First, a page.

The most professional way to follow the status of the Tevatron is to directly peek inside the electronic log-book of the main control room, which contains up-to-the-minute information. This information is free to access, but it is impervious to non-experts due to the technical language used. A screen-shot of the Tevatron status can instead be obtained here. If you click that link, you should see something like in the picture below.
In the table you can read lots of information on the status of the machine. First of all, the number of antiprotons collected is shown in the first number on the top left, "Stack". It is given in milliAmperes, as if it were an electrical current. Of course: antiprotons are electrically charged, and when they are made to run around at speed of light, they do produce a current. Below the Stack you see the accumulation rate, in milliAmps per hour. Still below, you can read off the efficiency to collect an antiproton, per colliding proton -that is the number in the range of 20-30 per million, as I discussed above. On the bottom of the central panel, you also see how many antiprotons are stored in the Recycler ring: about two trillions of them, when I took the snapshot.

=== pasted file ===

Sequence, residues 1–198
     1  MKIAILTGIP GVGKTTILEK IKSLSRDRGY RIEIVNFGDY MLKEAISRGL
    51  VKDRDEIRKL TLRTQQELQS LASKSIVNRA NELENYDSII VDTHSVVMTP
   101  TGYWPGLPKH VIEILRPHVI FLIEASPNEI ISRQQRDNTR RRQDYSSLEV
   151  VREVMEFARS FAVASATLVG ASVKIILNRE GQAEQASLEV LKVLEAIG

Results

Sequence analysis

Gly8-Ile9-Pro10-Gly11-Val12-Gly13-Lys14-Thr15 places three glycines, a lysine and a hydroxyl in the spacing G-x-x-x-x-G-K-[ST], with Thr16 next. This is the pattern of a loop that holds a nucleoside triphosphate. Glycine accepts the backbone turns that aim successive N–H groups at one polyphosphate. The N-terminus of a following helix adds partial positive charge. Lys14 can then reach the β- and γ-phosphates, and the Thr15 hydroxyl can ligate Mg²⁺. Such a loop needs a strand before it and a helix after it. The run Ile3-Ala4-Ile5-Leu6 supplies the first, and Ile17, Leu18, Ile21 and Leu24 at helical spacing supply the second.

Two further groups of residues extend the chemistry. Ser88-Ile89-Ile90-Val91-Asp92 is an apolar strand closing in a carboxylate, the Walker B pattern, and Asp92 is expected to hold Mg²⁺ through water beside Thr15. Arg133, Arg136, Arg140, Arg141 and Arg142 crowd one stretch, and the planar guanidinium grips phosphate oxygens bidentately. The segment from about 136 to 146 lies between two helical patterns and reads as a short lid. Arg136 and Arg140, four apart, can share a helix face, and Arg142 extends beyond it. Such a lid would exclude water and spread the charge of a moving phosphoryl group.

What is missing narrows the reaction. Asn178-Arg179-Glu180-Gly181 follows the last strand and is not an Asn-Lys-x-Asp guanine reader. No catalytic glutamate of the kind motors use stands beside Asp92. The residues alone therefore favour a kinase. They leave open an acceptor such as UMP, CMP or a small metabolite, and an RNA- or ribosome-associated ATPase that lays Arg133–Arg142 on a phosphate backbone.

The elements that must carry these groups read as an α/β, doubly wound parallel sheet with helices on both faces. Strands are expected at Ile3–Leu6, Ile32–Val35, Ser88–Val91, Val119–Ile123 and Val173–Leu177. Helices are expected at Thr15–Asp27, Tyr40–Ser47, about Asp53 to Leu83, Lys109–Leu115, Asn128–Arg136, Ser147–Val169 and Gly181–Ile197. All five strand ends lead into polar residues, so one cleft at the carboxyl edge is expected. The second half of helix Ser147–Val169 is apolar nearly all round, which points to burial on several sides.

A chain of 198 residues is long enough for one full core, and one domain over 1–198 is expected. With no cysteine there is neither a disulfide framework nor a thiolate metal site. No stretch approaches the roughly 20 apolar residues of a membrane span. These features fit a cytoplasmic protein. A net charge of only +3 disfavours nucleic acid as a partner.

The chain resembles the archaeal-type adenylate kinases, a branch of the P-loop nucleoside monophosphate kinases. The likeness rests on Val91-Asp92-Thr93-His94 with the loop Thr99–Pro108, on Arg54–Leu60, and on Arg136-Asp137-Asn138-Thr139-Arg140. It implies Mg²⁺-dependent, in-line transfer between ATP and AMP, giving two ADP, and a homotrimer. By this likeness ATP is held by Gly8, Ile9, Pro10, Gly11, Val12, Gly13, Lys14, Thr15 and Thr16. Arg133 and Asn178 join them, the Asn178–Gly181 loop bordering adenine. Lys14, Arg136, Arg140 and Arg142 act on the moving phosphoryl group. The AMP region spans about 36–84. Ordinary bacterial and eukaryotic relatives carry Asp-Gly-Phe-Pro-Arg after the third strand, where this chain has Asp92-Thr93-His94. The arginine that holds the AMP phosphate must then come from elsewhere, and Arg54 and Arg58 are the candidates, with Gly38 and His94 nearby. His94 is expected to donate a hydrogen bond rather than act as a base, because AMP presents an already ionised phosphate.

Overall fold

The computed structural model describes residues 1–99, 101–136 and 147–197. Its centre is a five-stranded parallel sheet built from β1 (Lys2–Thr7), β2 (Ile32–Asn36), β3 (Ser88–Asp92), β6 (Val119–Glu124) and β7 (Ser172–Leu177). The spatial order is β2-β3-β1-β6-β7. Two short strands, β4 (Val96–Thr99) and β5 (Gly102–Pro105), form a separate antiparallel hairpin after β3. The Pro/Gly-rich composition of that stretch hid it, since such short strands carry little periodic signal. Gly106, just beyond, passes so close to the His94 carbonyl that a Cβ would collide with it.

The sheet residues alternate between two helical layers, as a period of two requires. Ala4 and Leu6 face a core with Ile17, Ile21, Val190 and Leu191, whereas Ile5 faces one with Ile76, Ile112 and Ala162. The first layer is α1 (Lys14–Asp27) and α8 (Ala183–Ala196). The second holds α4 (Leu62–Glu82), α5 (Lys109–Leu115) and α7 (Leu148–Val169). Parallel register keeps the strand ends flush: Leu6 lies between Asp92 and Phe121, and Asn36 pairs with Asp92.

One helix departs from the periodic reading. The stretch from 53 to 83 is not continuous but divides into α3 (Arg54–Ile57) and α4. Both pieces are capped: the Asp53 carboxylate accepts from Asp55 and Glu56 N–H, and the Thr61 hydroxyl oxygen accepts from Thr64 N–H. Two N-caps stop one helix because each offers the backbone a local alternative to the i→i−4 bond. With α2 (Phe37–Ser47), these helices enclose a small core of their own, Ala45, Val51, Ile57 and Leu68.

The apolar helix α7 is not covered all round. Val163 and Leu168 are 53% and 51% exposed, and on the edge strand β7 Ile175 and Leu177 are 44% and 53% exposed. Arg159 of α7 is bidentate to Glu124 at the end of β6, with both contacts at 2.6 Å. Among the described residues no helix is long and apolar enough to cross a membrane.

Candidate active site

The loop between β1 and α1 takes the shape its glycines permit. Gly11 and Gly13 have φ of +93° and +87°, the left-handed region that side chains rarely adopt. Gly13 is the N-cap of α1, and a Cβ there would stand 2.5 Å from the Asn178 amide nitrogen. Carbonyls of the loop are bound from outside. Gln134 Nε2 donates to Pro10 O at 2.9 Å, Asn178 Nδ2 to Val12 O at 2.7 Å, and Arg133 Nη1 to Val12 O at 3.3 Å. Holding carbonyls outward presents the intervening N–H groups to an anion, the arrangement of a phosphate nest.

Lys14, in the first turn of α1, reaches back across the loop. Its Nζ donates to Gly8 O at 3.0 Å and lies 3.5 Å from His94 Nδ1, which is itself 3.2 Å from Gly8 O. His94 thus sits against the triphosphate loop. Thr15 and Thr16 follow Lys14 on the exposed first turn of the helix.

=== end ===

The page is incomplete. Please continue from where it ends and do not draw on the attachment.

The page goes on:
As far as the Tevatron is concerned, its status is described in the right panel. First is the number of protons (P) and antiprotons (A) circulating in the machine. Then the energy of the beam, in GeV -980, which is almost one TeV. Then, the instantaneous luminosity as is measured by CDF (B0 Lum) and DZERO (D0 Lum), in units. Since the Tevatron status is updated in real time, it should be fun to have a look at it every once in a while, if you want to know how things are going at Fermilab.
However, the above information is maybe still too technical for you. In that case, a great way to keep updated with the Tevatron's fortunes, which is instead at reach for everybody who is curious about accelerator physics, is to become a fan of the Tevatron on Facebook. Not only do you then get updates from the machine, but you get to comment and interact with the many followers. So what are you waiting for ? Please join us and double the fun!
PS: if you want to have a look at the CDF Control Room in real time, just log on to skype and find me as "tonno923": I will give you a virtual tour!